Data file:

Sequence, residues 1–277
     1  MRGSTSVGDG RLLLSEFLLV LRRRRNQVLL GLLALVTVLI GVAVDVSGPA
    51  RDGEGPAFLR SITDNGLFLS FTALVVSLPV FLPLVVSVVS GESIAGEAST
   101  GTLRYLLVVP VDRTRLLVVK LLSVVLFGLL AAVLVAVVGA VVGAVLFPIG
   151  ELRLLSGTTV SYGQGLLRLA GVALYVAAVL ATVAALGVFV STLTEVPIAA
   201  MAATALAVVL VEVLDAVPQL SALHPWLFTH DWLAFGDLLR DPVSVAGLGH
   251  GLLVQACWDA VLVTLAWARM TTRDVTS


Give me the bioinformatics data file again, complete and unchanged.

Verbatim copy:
Sequence, residues 1–277
     1  MRGSTSVGDG RLLLSEFLLV LRRRRNQVLL GLLALVTVLI GVAVDVSGPA
    51  RDGEGPAFLR SITDNGLFLS FTALVVSLPV FLPLVVSVVS GESIAGEAST
   101  GTLRYLLVVP VDRTRLLVVK LLSVVLFGLL AAVLVAVVGA VVGAVLFPIG
   151  ELRLLSGTTV SYGQGLLRLA GVALYVAAVL ATVAALGVFV STLTEVPIAA
   201  MAATALAVVL VEVLDAVPQL SALHPWLFTH DWLAFGDLLR DPVSVAGLGH
   251  GLLVQACWDA VLVTLAWARM TTRDVTS